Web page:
Despite Timing and Tornados, Bexel Overhauls Broadcast Infrastructure at Rangers Ballpark
With two World Series appearances in the past two years and an MLB-leading 50 wins so far this season, the Texas Rangers consistently draw the attention of a local, national, and international audience. However, this media influx recently drew attention to a glaring problem with the 18-year-old Rangers Ballpark in Arlington. The team on the field could handle the mounting media pressure; the broadcast infrastructure could not.
The Rangers called on Bexel to implement a major broadcast-infrastructure overhaul of the facility, including more than 70,000 ft. of new triax cable, 25,000 ft. of 12-pair audio cables, and 27,000 ft. of 12-strand single-mode fiber.
As Bexel worked to demolish 10,000 lb. of existing triax cable, the Rangers were in the midst of a significant renovation that included construction of a two-story restaurant, sports bar, and a 100-seat Batter’s Eye Club at center field.
“Our goal was to replace the majority of the broadcast infrastructure in time for Opening Day,” says Justin Paulk, manager, Bexel Broadcast Fiber Solutions. “Bexel also provided on-site coordination with the general contractor for the new center-field construction, ensuring that the cable runs required under Bexel’s contract and those associated with the new center-field locations were closely coordinated to eliminate damage and maximize the efficiency of the installation.”
In addition, the team equipped the facility with 96 new triax connectors, replaced all panels, and reterminated all the existing audio and added 132 audio pairs.
“We made the decision that, if we were going to redo [anything], we would redo all of the panels because, if you walk up and half of [the panels are] old and had been there for 12 years and the other half [are] new, it didn’t look right,” says Paulk. “[Now] they have new panels on everything, everything’s labeled properly, everything is back up and functioning 100%.”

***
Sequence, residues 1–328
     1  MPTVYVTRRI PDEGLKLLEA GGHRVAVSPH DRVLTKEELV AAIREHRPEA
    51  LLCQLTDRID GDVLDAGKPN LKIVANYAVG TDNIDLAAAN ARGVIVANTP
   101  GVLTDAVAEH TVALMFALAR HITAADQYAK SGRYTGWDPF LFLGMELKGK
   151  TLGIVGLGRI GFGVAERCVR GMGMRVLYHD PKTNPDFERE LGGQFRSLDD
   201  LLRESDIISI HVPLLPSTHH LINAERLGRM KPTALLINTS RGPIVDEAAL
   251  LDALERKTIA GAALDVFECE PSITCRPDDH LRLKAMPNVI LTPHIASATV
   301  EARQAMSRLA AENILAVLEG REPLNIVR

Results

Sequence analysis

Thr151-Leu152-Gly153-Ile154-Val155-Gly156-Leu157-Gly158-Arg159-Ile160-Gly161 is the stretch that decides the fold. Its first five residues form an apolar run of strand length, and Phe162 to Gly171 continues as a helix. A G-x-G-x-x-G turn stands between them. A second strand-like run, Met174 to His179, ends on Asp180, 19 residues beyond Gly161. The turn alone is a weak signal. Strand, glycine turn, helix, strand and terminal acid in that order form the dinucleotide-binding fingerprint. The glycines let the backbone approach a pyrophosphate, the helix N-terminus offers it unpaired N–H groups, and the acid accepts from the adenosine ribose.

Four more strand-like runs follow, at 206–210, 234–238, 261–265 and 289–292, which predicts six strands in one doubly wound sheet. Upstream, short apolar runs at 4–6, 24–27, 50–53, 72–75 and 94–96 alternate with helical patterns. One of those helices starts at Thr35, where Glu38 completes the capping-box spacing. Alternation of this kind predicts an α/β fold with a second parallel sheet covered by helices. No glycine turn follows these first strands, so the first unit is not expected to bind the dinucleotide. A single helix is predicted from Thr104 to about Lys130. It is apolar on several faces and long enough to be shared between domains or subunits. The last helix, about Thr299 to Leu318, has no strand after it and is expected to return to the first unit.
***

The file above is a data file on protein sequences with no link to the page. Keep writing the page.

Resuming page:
Bexel kept some of the newer existing triax, which was installed when the scoreboard was updated in 2010, moved the existing audio cable over to the new panels, and added more channels of fiber and audio.
On April 23, the Rangers hosted the New York Yankees in a nationally televised game. Although the Rangers ultimately fell to the Yankees, Rangers Senior Director of Broadcasting Angie Swint points to this game as a win for the broadcast infrastructure.
Her team was able to accommodate five telecasts, including the Rangers’ home television network and Spanish-language network, YES Network, ESPN, and NHK. (Although Yu Darvish was not on the mound on April 23, the Japanese broadcaster is covering the team for viewers in Japan. To accommodate NHK, Bexel also added SMPTE fiber cable, including two SMPTE runs to center field and six pairs of audio and six fiber strands to an auxiliary interview room for the pitching phenom.)
“We’ve been able to accommodate everyone that’s been in here with actual cabled runs to the locations that they’re trying to shoot from,” says Swint. “We’ve had probably six or seven games so far this year where we’ve had at least five telecasts in at the same time, which is a strain on any facility, but, with our new infrastructure, we’re able to accommodate everyone. We don’t have cables draped along the outside of the building; everything is professionally run and tucked away like it should be.”
While the Rangers’ impressive postseason run was great for fans, it drastically cut the timeline for Bexel to overhaul the broadcast infrastructure to less than two months.
“In conjunction with that, we also had this huge project going on in center field where one half of the ballpark was shut down beginning the day after [Game 5] of the World Series and ending in late March,” says Swint. “[When] Bexel could actually get into center field, which was probably early to mid March, they had some long days of getting everything run that needed to be into center.”
Not even a force of nature could keep Bexel from finishing the project before Opening Day on April 6.
“Despite delays caused by tornados in North Texas, we completed the project in about two months,” says Paulk. “It was definitely an exciting project to be a part of for us.”